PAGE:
SEOUL China and South Korea's anxiety over the rapidly falling yen came to the fore on Monday as senior officials said their exporters could be hurt by Japan's attempts to pull its moribund economy out of a two-decade slump.
Beijing and Seoul understand the need for Tokyo to revive its $5 trillion economy and escape persistent deflation.
But they are worried that the massive monetary and fiscal stimulus championed by Japanese Prime Minister Shinzo Abe has sharply weakened the yen and put their exporters at a disadvantage in global markets.
So far, Chinese and South Korean officials have refrained from direct action to maintain competitiveness, such as intervening by buying dollars in currency markets, but there is a risk of a response if their export sectors are severely hampered.
"(Japan) will look to keep the economy growing by boosting exports through the yen's depreciation," Xu Shaoshi, chairman of China's National Development and Reform Commission, said at a meeting with the South Korean finance minister in Seoul.
"This is a policy that will affect South Korea and China, and therefore needs to be monitored closely," Xu said.
The remarks failed to move the holiday-thinned foreign exchange markets in the region, with an analyst in Seoul saying the overall direction of the currencies would not be turned around if the speed could be slowed.
The yen fell to a five-year low against the dollar on Monday, and has plunged 26 percent over the past 15 months.
With the Chinese yuan and Korean won both gaining against the dollar this year, the impact has been even more pronounced on the exchange rates between three of the world's top seven exporting nations.
On Monday, 100 yen hit a 15-year low of 5.7490 yuan and the Japanese currency touched a 5-year low of 9.9983 won. Over the past 15 months, it has weakened by nearly 30 percent against both currencies, Thomson Reuters data shows.
South Korean Deputy Finance Minister Eun Sung-soo told Reuters that Seoul was concerned by the yen's fall at a time when the won was strengthening.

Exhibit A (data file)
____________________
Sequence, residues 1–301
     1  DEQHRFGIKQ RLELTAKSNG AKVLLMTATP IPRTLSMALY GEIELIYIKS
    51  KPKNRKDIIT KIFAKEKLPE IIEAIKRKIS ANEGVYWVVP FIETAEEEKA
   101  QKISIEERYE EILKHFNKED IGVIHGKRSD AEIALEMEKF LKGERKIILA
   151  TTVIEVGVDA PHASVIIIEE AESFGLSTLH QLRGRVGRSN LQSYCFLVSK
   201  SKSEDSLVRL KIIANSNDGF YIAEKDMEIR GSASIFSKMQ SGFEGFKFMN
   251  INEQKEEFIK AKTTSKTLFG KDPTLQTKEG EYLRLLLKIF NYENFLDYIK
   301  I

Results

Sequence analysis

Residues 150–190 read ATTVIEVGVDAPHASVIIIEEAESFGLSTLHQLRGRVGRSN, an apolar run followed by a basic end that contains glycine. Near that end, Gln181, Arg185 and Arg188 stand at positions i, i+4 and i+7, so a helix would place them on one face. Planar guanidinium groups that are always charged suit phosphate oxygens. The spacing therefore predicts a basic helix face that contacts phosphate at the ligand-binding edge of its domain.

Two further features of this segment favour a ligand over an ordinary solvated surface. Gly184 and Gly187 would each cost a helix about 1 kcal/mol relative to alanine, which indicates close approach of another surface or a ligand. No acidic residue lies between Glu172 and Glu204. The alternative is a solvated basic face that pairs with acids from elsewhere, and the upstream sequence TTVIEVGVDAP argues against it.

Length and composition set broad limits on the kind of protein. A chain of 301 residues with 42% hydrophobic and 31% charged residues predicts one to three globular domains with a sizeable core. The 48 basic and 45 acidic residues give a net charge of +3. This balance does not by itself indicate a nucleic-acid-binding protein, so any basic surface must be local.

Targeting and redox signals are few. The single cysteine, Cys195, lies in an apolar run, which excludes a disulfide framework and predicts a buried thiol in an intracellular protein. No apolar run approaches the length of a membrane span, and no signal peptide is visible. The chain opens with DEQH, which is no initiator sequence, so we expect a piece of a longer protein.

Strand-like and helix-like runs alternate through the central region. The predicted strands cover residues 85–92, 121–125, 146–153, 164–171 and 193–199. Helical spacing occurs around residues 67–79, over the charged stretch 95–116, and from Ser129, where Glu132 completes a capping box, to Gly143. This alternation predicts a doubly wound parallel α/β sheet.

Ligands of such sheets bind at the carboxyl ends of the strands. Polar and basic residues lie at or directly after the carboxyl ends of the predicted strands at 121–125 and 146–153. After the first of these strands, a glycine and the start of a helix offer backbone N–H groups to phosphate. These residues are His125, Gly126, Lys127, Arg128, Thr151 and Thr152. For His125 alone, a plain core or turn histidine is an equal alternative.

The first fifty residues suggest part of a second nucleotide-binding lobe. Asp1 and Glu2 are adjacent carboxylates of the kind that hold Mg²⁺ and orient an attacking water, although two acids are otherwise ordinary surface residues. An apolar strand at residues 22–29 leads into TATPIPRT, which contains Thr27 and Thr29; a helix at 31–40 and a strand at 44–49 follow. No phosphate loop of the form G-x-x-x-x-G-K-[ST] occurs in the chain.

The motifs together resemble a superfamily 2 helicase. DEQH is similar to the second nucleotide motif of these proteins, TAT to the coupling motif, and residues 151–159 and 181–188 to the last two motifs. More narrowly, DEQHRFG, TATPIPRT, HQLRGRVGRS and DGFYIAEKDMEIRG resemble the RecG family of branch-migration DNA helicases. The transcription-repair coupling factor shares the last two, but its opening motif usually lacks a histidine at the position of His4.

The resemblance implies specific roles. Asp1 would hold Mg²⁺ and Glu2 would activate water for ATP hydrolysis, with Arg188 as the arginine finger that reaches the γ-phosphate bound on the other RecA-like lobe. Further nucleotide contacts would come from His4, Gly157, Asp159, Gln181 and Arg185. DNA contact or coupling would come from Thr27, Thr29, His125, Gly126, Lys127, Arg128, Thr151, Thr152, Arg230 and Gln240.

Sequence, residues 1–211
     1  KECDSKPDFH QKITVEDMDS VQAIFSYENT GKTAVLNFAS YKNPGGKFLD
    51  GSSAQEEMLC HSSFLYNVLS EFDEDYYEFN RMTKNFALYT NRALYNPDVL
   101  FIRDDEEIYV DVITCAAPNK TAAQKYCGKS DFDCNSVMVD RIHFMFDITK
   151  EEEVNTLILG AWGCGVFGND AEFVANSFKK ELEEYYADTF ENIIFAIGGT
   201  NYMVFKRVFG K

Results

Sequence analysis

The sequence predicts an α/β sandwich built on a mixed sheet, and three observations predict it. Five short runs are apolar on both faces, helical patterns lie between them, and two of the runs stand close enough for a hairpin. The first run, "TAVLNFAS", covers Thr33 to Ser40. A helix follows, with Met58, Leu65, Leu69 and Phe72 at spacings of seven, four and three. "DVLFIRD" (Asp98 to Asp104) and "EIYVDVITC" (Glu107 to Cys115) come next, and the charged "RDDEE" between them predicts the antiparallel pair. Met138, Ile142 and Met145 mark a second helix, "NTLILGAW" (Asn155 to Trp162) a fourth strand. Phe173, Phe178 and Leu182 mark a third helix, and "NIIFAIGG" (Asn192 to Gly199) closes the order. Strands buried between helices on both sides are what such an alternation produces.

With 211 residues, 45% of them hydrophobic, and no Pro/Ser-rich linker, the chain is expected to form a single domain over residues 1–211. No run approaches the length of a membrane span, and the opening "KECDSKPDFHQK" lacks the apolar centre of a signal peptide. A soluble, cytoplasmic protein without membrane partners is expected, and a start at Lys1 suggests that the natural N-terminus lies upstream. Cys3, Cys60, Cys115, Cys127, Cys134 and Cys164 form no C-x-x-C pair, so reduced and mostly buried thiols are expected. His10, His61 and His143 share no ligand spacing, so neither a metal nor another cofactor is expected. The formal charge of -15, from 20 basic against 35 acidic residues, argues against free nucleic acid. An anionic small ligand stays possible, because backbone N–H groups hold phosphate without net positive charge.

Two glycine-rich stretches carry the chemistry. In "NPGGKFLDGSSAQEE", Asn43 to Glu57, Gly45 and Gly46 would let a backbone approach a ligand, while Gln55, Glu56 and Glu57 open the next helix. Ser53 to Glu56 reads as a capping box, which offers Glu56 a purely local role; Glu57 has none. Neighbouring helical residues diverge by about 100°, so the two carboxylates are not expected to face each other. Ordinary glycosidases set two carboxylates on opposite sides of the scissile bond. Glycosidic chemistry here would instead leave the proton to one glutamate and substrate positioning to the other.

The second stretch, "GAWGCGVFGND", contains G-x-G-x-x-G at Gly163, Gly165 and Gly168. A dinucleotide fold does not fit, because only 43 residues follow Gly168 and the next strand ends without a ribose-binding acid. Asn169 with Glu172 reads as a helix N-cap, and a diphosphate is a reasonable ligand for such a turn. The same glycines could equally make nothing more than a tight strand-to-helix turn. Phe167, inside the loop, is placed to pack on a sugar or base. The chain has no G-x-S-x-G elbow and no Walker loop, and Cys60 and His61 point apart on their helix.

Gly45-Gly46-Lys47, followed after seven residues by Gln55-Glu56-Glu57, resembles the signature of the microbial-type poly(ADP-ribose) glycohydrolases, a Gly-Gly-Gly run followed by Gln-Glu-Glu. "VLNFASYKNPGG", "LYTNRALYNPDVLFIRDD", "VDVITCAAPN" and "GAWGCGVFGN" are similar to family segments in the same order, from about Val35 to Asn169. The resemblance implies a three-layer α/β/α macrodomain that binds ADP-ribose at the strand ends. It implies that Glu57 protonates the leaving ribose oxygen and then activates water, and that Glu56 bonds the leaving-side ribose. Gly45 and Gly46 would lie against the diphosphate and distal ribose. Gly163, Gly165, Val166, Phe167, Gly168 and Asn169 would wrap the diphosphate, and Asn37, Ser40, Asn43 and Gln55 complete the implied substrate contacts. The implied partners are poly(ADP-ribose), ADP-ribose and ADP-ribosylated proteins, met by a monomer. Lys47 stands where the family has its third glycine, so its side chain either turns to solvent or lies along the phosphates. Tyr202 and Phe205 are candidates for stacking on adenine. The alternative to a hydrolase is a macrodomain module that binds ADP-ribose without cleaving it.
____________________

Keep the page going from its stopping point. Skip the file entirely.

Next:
Yuna Park, a currency and bond analyst at Dongbu Securities in Seoul, said she expects the trend of yen weakening against the won "may not be changed even though the authorities will be able to slow the pace."
South Korean authorities have in the past been spotted buying dollars when they wanted to keep the won moving in step with the yen vis-a-vis the dollar because trading of the yen/won pair was almost non-existent.
One prong of Abe's policies, known as "Abenomics", has been to stoke demand to generate inflation. As part of that, the Bank of Japan is increasing base money, or cash and deposits at the central bank, at an annual pace of 60 trillion yen to 70 trillion yen ($570 billion to $665 billion).
COMPETITION AMONG POWERHOUSES
In the three north Asian powerhouses, manufacturers of products ranging from cars to electronics goods and ships are in fierce competition for export markets. Big names in the competition - and ones whose sales are sensitive to exchange rates - include Samsung Electronics (005930.KS), Toyota Motor (7203.T), Hyundai Motor (005380.KS), and Huawei Technologies HWT.UL.
China was the world's largest exporter, Japan the fourth and South Korea the seventh during the first nine months of this year, World Trade Organization (WTO) data shows.
Apart from the increased money supply pushing down the exchange rate, Japan's very low interest rates means investors can borrow funds in yen cheaply and then convert them and invest in other countries - helping further depress the yen.
The U.S. Federal Reserve's asset-buying stimulus also saw the dollar weaken as some funds released by the central bank were invested in emerging economies.
($1 = 104.9750 Japanese yen)
(Additional reporting by Jongwoo Cheon; Writing by Choonsik Yoo; Editing by John Mair and Richard Borsuk)